Inland Premium 1TB (PCIe 3.0, TLC, good Phison controller w/DRAM) is a good buy currently for $110 if you have access to a Microcenter too.

BIG HEADLINE
Jun 13, 2006

Make your move...'cause mine's gonna be ugly.

I thought I remembered hearing they'd done something less-than-ideal to the Inland Premium drive.

Another drive that used to be highly recommended and shouldn't be anymore is the SX8200 Pro. ADATA went cheap on the newest revisions.

Harveygod
Jan 4, 2014
Lardroom


Klyith posted:

Samsung is overpriced across the board for what you get.

By comparison, the WD SN550 is just over $100 and is comparable as a dram-less PCIe 3.0 drive. It's a pretty ideal drive for a regular games & apps desktop. Stepping up a notch, the SN750 is equivalent to the 970 Evo for the same price as the drive you were looking at.

edit: also good value at $135, the SK Hynix P31. This is a great drive if you ever might recycle it into a laptop, as the P31's interesting gimmick is being way more power efficient than most other drives.


Yep, NVMe drives without dram use system ram. It's not even at driver level AFAIK, it's in the NVMe spec as a low-level feature.

Using system ram, they keep a small portion of the lookup table in memory (like 10-100 MB) and the rest in the flash. A drive with dram normally has 1GB per TB of storage, so lots more. Having the whole table in memory right on the drive is important when doing lots of small, highly random reads & writes. That's database & server workload. For most desktop users, a dramless NVMe drive has basically zero real-world performance impact.

BIG HEADLINE posted:

You're not wrong, and honestly screw them for making an "incomplete" product and charging a premium for it. It also *only* takes "up to" 64MB, which while it isn't a lot, still pales in comparison to something like the Sabrent Rocket 4.0 (not the Q SKU) which packs 512MB DDR4 on-package for more: https://www.amazon.com/Sabrent-Internal-Extreme-Performance-SB-ROCKET-NVMe4-1TB/dp/B07TLYWMYW/

The Rocket's a PCIe 4.0 drive, but it'll work just fine in your Z97 and give you something to plug into a 4.0 (or 5.0) board when you finally upgrade.

I'd also recommend the SKHynix P31, but last I heard their SSD division's being bought out.

Thanks for the responses! I'll probably spring for the Sabrent.

aparmenideanmonad
Jan 28, 2004
Balls to you and your way of mortal opinions - you don't exist anyway!

Fun Shoe

BIG HEADLINE posted:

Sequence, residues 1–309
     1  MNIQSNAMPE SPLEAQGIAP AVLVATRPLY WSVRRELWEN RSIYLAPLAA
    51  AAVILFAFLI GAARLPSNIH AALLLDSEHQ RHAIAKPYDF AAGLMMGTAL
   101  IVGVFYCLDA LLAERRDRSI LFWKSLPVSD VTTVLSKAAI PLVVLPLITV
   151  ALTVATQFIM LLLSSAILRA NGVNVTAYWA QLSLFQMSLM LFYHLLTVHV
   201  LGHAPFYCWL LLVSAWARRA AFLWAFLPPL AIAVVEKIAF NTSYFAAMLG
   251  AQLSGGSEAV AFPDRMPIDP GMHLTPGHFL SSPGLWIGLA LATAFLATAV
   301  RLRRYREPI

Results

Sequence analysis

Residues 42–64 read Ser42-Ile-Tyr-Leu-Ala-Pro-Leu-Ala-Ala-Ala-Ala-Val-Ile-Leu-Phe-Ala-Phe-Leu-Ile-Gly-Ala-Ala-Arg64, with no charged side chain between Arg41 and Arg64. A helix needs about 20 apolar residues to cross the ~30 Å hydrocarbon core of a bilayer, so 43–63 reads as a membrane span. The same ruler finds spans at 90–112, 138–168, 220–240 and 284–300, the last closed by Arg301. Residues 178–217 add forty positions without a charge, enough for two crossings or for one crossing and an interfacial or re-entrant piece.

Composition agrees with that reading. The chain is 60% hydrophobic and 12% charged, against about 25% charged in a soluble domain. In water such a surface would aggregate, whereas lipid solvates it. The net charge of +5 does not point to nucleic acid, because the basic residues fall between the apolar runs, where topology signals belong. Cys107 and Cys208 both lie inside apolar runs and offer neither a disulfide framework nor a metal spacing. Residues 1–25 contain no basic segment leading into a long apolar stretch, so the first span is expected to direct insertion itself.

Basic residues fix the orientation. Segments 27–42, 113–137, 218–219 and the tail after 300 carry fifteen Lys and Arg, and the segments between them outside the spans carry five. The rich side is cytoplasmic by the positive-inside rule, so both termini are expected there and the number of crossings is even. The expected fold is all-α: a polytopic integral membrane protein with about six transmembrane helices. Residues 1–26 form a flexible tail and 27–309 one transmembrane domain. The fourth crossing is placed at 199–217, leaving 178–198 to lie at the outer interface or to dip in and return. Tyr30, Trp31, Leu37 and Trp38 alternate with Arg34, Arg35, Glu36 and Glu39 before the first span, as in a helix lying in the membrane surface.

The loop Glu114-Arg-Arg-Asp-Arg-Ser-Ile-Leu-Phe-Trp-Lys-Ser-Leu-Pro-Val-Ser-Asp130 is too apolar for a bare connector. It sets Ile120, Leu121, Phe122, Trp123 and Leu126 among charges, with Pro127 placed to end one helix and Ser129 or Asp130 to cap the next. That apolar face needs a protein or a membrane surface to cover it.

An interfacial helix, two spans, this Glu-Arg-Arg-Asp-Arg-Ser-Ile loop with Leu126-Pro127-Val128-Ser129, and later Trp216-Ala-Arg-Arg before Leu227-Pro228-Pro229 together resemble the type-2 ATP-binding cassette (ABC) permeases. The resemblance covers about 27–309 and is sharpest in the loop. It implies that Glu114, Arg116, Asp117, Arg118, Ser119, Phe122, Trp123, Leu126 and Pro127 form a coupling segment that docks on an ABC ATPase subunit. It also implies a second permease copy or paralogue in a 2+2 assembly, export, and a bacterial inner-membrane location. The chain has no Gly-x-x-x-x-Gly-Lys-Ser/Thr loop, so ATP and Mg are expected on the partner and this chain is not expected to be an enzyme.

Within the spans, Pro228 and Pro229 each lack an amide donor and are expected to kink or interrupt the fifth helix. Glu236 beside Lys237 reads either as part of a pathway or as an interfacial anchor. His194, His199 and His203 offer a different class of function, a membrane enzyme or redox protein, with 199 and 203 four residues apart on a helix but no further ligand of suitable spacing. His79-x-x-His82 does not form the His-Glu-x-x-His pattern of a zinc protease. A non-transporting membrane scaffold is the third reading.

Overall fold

I thought I remembered hearing they'd done something less-than-ideal to the Inland Premium drive.

Another drive that used to be highly recommended and shouldn't be anymore is the SX8200 Pro. ADATA went cheap on the newest revisions.

Pretty sure that was either the Platinum or Professional. The one thing I'm sure of is that their naming scheme leaves much to be desired.

TOOT BOOT
May 25, 2010



BIG HEADLINE posted:

I thought I remembered hearing they'd done something less-than-ideal to the Inland Premium drive.

I'm using a Premium NVME and haven't had any issues.

Klyith
Aug 3, 2007

GBS Pledge Week


The inland premium went from a phision E12 to a E12S that uses 1/2 as much dram, so it keeps less of the table in memory. If dram vs dramless is irrelevant for real-world desktop user performance, E12 vs E12S is even moreso. For the intended market it's a benchmarks-only difference. Big Headline cares about benchmarks.


That said inland is a house brand and their stuff changes spec without much notice. OTOH they do change the prices to reflect it, so if the price of an inland model has a big drop that's your notice. I'd totally buy them if I lived near a microcenter, but via their website or amazon isn't generally that much savings vs similar drives.

Third hand, the Inland Platinum is a QLC drive that's got great read speed so is IMO one of the best choices currently as a secondary games drive or for anything else that's ok with QLC.

BIG HEADLINE
Jun 13, 2006

Make your move...'cause mine's gonna be ugly.

Uh, I could care less about benchmarks so long as it performs similarly.

That being said, thanks for clarifying what change they made. They should've found another term to print on the box to reflect it.

aparmenideanmonad
Jan 28, 2004
Balls to you and your way of mortal opinions - you don't exist anyway!

Fun Shoe

Klyith posted:

The inland premium went from a phision E12 to a E12S that uses 1/2 as much dram, so it keeps less of the table in memory. If dram vs dramless is irrelevant for real-world desktop user performance, E12 vs E12S is even moreso. For the intended market it's a benchmarks-only difference. Big Headline cares about benchmarks.